It wasn’t long ago my Mom asked me “what did you learn at work today?” I thought she’d confused me with my daughter and was asking what her granddaughter had learned at school that day. No, my Mom was directing the question at me, what did I learn at work today? I’m a bit embarrassed to share that I didn’t have a ready response for her. How is it that parents always ask the tough questions?
Being a student for life
I’ve been pondering Mom’s question and my uncomfortable lack of a response. Upon reflection, I found Mom’s question about what I’d learned at work to be especially relevant. We all know that—given our gig, knowledge, and shared economy—the way we work is changing, requiring continual learning at work. Further, more and more higher education outcomes are being measured in terms of students securing work in their desired field. And finally, higher education institutions’ promote lifelong learning as one of their benefits. This is mostly in terms of one’s ability to be a lifelong learner after graduation, but some are now providing alumni with access to classes on the newest analysis technique or other hot topics, under the umbrella of being a student for life. We even hear about the benefits of daily learning and brain exercise from neuroscientists and the medical profession (have you completed your Sudoku today?). With all that change in the work place and emphasis on lifelong learning, the question “what did I learn at work today?” should have an easy answer, right?
I, like others who are well along in our professional journeys, have experienced the benefits of intentional professional development. I’ve experienced the creativity that comes from stepping away from the day-to-day activities and fast pace in order to learn something new. I know the joy of being able to look at an issue from a different perspective and to learn from others. For me, these are great learning days! Kudos to all leaders and managers who intentionally provide learning opportunities for employees. In today’s competitive enrollment and advancement environment, investments in employees’ skills serve to both improve immediate institutional results, but also can contribute to employee retention and long-term institutional success.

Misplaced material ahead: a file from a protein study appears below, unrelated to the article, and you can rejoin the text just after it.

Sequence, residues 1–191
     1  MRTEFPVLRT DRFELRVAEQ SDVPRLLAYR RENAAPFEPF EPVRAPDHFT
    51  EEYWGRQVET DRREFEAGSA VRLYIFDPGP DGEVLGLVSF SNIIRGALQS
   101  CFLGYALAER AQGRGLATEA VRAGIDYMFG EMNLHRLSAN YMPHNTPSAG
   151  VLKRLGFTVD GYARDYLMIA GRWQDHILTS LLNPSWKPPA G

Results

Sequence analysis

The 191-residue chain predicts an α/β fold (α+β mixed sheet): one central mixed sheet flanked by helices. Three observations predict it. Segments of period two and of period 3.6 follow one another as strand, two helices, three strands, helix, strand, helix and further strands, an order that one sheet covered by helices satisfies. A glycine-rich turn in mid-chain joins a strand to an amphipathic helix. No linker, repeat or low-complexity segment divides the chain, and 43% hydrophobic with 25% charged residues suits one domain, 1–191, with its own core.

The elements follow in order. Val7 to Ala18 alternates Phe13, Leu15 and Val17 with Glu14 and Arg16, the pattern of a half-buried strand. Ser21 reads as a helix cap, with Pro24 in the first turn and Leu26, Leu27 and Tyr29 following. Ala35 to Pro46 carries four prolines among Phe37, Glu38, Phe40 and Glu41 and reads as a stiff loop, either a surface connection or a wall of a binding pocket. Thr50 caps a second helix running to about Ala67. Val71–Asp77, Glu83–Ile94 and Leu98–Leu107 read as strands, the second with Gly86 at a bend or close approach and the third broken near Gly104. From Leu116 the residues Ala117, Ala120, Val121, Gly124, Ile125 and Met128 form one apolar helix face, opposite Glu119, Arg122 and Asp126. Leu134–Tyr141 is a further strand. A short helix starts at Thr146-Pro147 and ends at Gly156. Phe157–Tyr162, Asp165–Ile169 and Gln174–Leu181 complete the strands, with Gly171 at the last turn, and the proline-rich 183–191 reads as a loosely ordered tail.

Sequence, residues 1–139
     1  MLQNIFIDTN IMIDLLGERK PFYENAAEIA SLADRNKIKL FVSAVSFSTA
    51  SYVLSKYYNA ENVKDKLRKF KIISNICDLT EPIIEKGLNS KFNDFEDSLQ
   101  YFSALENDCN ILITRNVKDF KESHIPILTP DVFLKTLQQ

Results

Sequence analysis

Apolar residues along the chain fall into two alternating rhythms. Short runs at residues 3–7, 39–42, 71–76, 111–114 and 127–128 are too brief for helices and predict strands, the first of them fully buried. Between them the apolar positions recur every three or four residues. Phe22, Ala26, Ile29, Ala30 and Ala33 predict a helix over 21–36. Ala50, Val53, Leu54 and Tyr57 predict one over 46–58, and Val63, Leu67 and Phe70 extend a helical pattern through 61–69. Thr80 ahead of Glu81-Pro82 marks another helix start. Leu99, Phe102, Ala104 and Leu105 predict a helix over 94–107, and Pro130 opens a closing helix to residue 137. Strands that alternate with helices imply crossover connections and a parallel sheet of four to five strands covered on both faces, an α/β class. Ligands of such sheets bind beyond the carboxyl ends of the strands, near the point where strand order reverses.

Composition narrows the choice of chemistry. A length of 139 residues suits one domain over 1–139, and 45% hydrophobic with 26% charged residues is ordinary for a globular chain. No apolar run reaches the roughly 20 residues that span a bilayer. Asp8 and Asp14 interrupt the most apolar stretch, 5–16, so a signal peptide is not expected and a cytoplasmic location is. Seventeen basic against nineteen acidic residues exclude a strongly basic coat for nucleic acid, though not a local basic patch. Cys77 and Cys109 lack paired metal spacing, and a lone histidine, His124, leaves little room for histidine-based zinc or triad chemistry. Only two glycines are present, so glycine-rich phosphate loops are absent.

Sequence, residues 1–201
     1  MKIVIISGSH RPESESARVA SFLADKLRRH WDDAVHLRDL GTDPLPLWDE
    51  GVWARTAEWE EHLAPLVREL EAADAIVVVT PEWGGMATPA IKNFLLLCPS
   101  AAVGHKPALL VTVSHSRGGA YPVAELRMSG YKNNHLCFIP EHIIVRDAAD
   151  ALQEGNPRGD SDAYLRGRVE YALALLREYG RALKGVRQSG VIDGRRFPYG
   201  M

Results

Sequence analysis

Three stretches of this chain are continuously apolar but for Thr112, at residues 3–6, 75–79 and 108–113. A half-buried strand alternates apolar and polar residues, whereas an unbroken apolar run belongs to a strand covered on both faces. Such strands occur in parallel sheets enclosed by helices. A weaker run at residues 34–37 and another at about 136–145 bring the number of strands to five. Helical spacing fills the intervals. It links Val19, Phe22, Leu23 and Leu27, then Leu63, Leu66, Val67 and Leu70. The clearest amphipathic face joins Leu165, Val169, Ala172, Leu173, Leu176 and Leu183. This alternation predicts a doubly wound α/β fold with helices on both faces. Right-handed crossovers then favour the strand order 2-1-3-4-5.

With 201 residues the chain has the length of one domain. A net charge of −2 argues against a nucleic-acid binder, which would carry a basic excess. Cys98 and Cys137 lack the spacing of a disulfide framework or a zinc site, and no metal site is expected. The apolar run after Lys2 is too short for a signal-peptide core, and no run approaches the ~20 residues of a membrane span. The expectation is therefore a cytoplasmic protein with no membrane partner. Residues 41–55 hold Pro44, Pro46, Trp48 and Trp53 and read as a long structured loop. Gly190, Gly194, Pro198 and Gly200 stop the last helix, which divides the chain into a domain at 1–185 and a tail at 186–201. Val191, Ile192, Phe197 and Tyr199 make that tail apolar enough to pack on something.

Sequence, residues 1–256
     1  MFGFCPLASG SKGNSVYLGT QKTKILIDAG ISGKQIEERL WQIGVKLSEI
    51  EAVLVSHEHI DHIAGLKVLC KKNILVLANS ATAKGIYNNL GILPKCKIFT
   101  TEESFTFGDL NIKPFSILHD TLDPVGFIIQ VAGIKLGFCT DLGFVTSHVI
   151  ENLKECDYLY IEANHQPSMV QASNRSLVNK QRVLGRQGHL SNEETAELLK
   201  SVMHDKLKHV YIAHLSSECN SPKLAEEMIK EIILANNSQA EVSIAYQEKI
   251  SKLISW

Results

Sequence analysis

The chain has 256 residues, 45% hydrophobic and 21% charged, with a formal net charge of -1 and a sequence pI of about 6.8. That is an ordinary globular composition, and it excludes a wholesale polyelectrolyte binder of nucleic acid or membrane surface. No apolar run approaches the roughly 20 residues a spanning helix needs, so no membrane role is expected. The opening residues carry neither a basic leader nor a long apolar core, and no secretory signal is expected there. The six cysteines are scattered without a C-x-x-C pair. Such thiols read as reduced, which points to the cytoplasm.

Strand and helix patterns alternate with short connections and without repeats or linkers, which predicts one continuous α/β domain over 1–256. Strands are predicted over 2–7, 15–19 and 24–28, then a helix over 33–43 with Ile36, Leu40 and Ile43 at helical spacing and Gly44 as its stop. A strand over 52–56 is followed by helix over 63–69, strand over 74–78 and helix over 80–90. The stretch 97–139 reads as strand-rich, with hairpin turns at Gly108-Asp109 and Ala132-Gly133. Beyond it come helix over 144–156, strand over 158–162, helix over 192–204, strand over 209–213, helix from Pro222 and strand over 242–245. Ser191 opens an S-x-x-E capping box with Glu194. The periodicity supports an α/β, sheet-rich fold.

But what about every other day when I’m at work?
Learn something new every day
I’ve concluded that if I’m intentional about it, I do learn something at work most every day. Today I learned about the correlation of course relevance to work and to day-to-day life to adult consumer perceptions of value and quality (see here). I need to practice what I tell my kids—be curious and ask questions from new perspectives, read, take advantage of readily available resources and colleagues, share new ideas and skills with others (my Mom included), and take time to reflect on what you’ve seen.
How about you? How would you respond if your Mom asked you what you learned at work today? I challenge you to look for ways to learn something new from the data we use regularly, and to ask different questions to learn something new from your students and colleagues.
RNL’s resources for higher education professional development
In the spirit of sharing readily available resources, I hope you’ll take advantage of the many free resources and events Ruffalo Noel Levitz provides for higher education professional development, as well as the workshops and events that require a fee to cover the costs of convening.
- You’ll find timely articles and research on all enrollment management, student retention, and fundraising topics available at the Ruffalo Noel Levitz website.
- Consider gathering a small group and listen in to one of our free webinars, which regularly feature campus partners, so you know that what you’re hearing will work in practice. Importantly, I hope your group will stick together to discuss what you heard and the possible applications to your goals and challenges (I’m sure the promise of free food works as well with your colleagues as it does with students). You can find the latest on our events page.
- If you don’t already, consider rotating your conference schedule. Our workshops and conferences all receive the highest marks from colleagues for the value and relevance of the substance. Our National Conference will convene in July in Orlando with more than 150 sessions.
- Finally, to propel your career, focus your learning to earn a Certificate in Enrollment Management or a Masters, or a Ph.D. Explore the Ruffalo Noel Levitz certificate in Enrollment Management and complete the program in as quickly as 12 months.
So when I see Mom tonight I’m going to tell her how her question prompted me to intentionally reflect on my daily learning and to encourage all of you to do so as well! Thanks, Mom!